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Caregiving's Many Faces

Whether you're helping a family member or friend, put your own health first

En español | At some point in our lives, we are all going to be caregivers, particularly when loved ones become ill or can no longer care for themselves. I was amazed to learn recently that more than 50 million people provide unpaid care for chronically ill, disabled or older family members during any given year, according to the U.S. Department of Health and Human Services. With November being National Family Caregivers Month, it is a great opportunity to thank and celebrate these unsung heroes.

Three women arm in arm, caregiving for friend with breast cancer

As a caregiver, it's important to also take care of yourself. — Getty Images

Several years ago, I became a caregiver to my beloved mum before she passed away from emphysema at age 75. The experience was very difficult, but there was never any doubt that I was going to be there for her, just as she was there for me my entire life.

I also had a very close friend who was battling lung cancer, and she lived in my house in Aspen as she underwent treatments. I came home to be there for her as much as my work schedule allowed. Friends taking care of friends. That's caregiving too.

I've also been on the receiving end of caregiving. When I was diagnosed with breast cancer, many friends offered to help me, but I declined it — at first. But my wise doctor reminded me: "You're going to go through some very serious treatments, and if you have just five friends helping you, your chances of recovery are much greater."

And so, I let my friends and family in. They drove me to my appointments, cooked dinner for me and stayed by my side. They held me together when I was falling apart. After my treatments were over, we had a party to celebrate. There was a lot of laughter and many tears. I credit their love and support with helping me heal.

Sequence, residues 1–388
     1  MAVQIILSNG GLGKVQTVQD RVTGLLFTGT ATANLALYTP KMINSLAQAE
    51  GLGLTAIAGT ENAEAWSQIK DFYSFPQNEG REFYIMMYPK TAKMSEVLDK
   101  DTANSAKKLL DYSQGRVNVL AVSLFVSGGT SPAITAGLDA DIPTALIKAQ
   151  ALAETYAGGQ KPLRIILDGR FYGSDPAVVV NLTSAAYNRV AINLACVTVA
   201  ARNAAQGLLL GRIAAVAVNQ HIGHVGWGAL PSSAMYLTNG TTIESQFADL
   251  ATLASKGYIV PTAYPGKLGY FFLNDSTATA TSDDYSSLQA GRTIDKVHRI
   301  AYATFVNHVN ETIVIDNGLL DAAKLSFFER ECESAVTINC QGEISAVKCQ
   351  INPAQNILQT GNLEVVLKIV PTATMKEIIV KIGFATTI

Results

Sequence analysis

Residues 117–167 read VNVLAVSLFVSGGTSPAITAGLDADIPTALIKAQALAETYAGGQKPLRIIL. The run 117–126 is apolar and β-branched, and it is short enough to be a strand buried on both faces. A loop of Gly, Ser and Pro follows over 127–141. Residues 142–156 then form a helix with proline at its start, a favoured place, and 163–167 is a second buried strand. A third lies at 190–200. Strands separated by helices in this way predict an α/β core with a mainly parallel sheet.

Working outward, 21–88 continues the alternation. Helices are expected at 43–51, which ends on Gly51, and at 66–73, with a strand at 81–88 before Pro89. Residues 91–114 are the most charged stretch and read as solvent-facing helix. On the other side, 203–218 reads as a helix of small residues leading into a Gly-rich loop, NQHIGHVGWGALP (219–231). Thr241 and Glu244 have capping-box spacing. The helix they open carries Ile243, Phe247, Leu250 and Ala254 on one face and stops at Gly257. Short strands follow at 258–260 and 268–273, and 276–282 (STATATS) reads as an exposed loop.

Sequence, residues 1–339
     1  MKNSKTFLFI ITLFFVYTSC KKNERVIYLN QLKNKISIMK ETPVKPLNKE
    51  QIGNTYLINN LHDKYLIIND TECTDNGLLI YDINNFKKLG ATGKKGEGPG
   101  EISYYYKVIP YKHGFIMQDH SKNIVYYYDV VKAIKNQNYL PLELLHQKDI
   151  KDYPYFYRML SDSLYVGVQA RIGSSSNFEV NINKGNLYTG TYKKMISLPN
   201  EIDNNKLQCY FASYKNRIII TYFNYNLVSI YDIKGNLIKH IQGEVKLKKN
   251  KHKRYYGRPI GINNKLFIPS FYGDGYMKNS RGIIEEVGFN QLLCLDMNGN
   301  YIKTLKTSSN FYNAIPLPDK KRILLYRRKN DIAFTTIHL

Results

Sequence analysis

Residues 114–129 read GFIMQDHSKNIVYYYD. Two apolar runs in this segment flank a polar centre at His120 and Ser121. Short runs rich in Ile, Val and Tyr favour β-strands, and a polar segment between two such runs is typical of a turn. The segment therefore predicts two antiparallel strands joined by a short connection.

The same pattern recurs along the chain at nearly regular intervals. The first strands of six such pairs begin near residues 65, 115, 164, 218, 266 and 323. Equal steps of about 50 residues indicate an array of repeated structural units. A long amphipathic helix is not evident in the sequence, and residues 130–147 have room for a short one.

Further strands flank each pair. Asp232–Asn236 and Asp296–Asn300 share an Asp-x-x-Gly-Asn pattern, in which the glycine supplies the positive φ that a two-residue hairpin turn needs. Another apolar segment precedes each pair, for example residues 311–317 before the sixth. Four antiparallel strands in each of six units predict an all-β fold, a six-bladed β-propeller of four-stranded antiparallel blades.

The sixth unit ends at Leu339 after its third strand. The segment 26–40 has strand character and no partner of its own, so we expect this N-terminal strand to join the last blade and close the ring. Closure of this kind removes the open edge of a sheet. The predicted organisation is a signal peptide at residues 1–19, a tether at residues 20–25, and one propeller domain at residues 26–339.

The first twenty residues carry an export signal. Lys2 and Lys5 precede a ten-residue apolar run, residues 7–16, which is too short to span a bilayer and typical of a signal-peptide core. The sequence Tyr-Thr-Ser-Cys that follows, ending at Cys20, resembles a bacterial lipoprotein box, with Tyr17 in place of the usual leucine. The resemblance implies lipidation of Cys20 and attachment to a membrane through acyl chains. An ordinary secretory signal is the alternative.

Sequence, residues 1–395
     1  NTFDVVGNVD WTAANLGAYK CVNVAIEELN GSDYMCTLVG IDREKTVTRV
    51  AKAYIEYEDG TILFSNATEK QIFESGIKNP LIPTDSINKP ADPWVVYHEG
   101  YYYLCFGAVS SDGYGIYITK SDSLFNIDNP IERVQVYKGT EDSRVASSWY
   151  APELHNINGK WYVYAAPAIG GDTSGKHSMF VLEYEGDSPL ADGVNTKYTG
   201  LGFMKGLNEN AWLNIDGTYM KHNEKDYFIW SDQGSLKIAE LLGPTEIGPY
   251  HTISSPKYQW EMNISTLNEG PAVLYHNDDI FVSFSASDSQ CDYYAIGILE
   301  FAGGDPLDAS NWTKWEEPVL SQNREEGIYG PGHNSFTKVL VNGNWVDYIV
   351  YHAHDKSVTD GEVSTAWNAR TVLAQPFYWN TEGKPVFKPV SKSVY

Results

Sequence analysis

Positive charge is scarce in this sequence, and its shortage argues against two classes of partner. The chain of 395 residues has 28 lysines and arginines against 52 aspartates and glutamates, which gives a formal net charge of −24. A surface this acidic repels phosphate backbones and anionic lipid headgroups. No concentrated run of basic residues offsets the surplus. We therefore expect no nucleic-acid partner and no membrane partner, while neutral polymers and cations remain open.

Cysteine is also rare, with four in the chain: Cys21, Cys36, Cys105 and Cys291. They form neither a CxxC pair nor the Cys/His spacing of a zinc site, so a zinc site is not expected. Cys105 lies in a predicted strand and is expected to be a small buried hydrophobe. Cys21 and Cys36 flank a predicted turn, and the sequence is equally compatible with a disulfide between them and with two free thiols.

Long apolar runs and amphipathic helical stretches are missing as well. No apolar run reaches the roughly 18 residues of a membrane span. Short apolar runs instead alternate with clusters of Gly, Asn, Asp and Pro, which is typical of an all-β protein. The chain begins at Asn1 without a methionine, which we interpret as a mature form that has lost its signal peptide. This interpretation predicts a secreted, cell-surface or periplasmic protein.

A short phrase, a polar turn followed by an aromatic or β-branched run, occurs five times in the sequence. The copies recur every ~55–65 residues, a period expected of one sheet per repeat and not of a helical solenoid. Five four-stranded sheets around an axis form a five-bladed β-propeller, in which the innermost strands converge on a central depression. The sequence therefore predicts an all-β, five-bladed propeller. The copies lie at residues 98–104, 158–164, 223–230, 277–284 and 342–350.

Today, because of that experience, I see myself as a caregiver in yet another way — supporting other women dealing with breast cancer, and encouraging all women to go for their annual mammograms and be vigilant about breast health. I speak out about these issues because I care so deeply about fighting this dreaded disease. That is why I went public with my story. I try to let my life be an example of what I'm talking about.

I've also learned something pretty significant about caregiving: When caregivers don't take care of themselves, they aren't any good to anyone. Think of what you're told in an airplane before you take off: You need to put on your oxygen mask before you can help your child with one. Granted, it's easier said than done. While caring for Mom, I often skipped meals or grabbed whatever food on the run. I didn't sleep enough, either. I allowed myself to get run-down.

If you are a caregiver — whether a primary caregiver for a loved one, or a friend helping a friend through a difficult time — here are a few tips:

  • Take time-outs. Not spending time on yourself puts you in the fast lane toward Stressville. Do your hobbies, keep your regular routine as much as possible, spend time with friends and so forth. If you need someone to sub for you, ask family, neighbors or friends to cover for you for at least an hour or two.
  • De-stress. If you're anxious or feel like you're on an emotional roller coaster, get some exercise. It releases stress hormones and, most of all, we just feel so good after! Also consider meditation, progressive relaxation or yoga — all calming activities that churn out feel-good chemicals in your body.
  • Put your health first. Increase your fruit and vegetable consumption. Stick to natural foods. Shun alcohol; it's a depressant and will make you feel worse. The same goes for drugs and tobacco. And of course, drugs, nicotine and alcohol are all sleep robbers. By making healthy choices, you strengthen your immune system, which can get damaged by neglecting your health. If you just concentrated on these few steps, you'll be the best caregiver in your home.
  • Tap into supportive resources. AARP has a wealth of information that speaks to, and helps, caregivers. Visit AARP's Caregiving Resource Center to connect with experts and local agencies, and to receive advice and emotional support from other caregivers.

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Video Extra

AARP Chief Executive Officer Barry Rand and AARP Executive Vice President Deb Whitman discuss the experience of caregiving and AARP's resources for caregivers.

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